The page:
We have a perfect storm where hospitals are more exposed to online attacks through their expanded technology footprint, but also more reliant on IT systems and at risk of being extorted. Added to the challenge for NHS trusts is the constant issue of funding shortfalls. Figures claim that NHS IT investment, “can be as little as 1-2% of the annual budget...compared with 4-10% in other sectors.” Meanwhile, one poll of UK healthcare decision makers reveals that just a quarter (24%) feel cybersecurity budgets are adequate.

These challenges are exacerbated by the fact that ransomware attacks are becoming increasingly sophisticated. For example, a Ryuk attack may start with an automated TrickBot compromise, but then attackers will use their foothold inside a network to spend the next few days, weeks or months performing reconnaissance.

Off-the-shelf pen-testing tools like Cobalt Strike, and “living off the land” techniques like legitimate Windows features, WMI and PowerShell, are used to steal credentials, move laterally and find sensitive data stores. All of this takes place while flying under the radar of many security controls. Then, when the time is right, they’ll hit the launch button to deploy the ransomware payload.

Time to get ready

Network compromise is unfortunately inevitable today. The big question is what can UK healthcare IT bosses do to mitigate the risk of these attacks escalating, protect their patients and the bottom line?

Prevention is always a good place to start. By practicing good IT hygiene, HCOs can make themselves a harder target. Think prompt risk-based patching, multi-factor authentication, strong passwords on user accounts and RDP endpoints, and regular phishing training for employees. Regular data backups are also a useful insurance policy, as there’s no guarantee that even if you pay, you’ll get your data back. Follow the best practice 3-2-1 rule here.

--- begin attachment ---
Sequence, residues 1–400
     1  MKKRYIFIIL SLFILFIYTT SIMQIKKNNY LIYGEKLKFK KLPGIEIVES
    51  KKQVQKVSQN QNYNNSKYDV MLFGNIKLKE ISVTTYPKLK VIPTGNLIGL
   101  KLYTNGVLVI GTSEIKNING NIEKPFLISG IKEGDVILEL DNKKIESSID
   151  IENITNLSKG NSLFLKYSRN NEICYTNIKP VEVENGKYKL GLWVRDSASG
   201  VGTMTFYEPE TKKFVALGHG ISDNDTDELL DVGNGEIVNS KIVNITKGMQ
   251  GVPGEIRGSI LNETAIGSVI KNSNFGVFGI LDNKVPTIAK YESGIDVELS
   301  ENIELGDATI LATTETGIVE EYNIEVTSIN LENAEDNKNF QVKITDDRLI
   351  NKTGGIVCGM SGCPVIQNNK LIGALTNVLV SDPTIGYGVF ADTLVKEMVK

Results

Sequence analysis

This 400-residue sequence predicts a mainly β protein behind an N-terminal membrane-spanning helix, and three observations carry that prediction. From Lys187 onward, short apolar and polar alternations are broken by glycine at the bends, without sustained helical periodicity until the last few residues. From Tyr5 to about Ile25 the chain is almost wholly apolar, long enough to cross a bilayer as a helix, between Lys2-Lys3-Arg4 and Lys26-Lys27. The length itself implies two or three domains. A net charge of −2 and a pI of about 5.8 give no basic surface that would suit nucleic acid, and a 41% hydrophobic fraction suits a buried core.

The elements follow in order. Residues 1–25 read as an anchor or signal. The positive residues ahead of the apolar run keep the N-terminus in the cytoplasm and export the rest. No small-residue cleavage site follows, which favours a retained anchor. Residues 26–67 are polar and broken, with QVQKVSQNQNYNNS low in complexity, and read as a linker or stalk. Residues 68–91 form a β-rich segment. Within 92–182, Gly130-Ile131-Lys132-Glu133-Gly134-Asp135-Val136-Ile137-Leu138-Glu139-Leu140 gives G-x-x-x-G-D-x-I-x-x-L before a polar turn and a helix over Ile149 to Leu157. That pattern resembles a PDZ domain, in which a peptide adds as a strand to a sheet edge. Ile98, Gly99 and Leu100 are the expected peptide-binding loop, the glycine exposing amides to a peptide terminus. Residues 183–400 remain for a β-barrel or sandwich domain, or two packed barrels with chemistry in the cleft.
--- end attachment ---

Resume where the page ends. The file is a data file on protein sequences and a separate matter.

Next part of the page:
However, what happens when you come up against a sophisticated enemy wielding multi-stage, APT-style tools, tactics and procedures? Visibility and control across the entire IT infrastructure are vital for security operations center staff in this scenario, as is the ability to track and flag suspicious behavior, and respond quickly and efficiently with as much automation as possible.

Finally, it’s time to build resilience. Practicing incident response drills and developing post-breach strategies can massively reduce the impact of future disruptions. However, ensuring identity and security operations practices have breadth of visibility, capability, and applicability is also crucial for organizations to prepare for whatever tomorrow may bring.

There’s no end goal here; good cybersecurity is a continuous process of adaptation, overlayed by a considered risk management program. Hopefully, the UK ransomware onslaught will never materialize, but if it does, let’s make sure we’re ready.